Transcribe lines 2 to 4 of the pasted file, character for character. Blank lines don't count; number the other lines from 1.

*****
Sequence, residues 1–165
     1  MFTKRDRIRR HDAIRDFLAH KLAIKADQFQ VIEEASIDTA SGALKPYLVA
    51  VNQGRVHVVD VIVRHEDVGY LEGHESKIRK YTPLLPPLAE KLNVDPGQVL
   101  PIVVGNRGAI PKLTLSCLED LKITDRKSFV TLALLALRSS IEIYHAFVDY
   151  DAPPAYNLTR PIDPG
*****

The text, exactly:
     1  MFTKRDRIRR HDAIRDFLAH KLAIKADQFQ VIEEASIDTA SGALKPYLVA
    51  VNQGRVHVVD VIVRHEDVGY LEGHESKIRK YTPLLPPLAE KLNVDPGQVL
   101  PIVVGNRGAI PKLTLSCLED LKITDRKSFV TLALLALRSS IEIYHAFVDY